Occupational therapists (OTs) help enable children to participate in meaningful activities. Assessments help determine a child's needs, whether they require direct or indirect services or referral to other medical health professionals. Assessments examine behavioural, cognitive, affective, psychomotor, and environmental domains to determine a child's strengths and limitations related to occupational performance issues. Many assessment methods or tools are available, including interviews, observations, standardized and non-standardized assessments, and OTs often use various methods when working with a client.
Interviews are often the first assessment method OTs utilize. Interviews help build client rapport and gather information about a child or their family to determine how their issues affect participation in occupations. During the interview, an OT may learn how a child perceives themself in various roles or settings. It also helps set the stage for future interactions and is crucial for developing the client-therapist relationship.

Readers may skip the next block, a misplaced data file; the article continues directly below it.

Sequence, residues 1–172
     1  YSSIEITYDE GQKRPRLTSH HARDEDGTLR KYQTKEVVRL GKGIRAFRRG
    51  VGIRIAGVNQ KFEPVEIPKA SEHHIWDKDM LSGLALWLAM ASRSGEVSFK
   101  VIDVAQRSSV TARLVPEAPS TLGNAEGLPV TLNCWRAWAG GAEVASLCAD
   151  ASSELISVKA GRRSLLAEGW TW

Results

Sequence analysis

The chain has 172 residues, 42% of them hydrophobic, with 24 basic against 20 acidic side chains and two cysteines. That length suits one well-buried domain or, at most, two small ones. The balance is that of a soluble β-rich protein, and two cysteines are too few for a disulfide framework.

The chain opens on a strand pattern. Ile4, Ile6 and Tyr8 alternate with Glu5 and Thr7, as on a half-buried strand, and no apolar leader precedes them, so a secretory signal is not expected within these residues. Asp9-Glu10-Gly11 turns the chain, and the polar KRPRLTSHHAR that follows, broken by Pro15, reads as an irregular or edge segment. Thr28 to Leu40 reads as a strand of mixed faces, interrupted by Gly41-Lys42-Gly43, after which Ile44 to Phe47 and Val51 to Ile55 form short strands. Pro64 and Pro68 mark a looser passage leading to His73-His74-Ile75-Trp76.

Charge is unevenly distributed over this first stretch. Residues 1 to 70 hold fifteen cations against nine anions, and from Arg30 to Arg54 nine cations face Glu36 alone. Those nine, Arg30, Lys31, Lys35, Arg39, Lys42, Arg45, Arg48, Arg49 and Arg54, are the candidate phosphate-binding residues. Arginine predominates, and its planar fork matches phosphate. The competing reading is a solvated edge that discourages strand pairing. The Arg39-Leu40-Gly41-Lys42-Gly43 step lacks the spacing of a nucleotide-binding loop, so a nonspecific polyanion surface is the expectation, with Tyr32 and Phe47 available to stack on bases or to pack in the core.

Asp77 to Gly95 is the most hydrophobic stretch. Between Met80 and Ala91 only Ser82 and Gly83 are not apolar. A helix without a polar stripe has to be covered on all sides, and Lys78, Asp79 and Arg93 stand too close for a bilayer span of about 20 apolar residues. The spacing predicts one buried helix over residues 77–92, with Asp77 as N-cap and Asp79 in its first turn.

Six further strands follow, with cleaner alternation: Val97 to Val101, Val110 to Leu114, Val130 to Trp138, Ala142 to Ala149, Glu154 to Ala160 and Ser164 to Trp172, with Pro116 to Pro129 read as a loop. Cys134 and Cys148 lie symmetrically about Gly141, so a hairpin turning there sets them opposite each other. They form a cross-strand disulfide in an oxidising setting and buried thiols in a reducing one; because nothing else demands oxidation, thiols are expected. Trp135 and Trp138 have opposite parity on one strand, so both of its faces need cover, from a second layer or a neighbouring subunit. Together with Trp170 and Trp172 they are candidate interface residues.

Observations help to gather additional information about a child's occupational performance. More specifically, observations can be used to identify if a child is processing information necessary to perform a particular activity in the context of their environment. Observation techniques are divided into two categories, which are naturalistic and structured observation.
Standardized assessments are invaluable clinical tools because test questions and administration methods, scoring, and interpretations are consistent. Consistency allows for a trustworthy comparison of a child's scores from one assessment time to the next. Deviation from the standardized procedures can negatively impact any conclusions about the child's test performance.
Reference: Wilson, Elaine, and Helen Edwards. Occupational Therapy for Children with Special Needs. Wiley, 1998.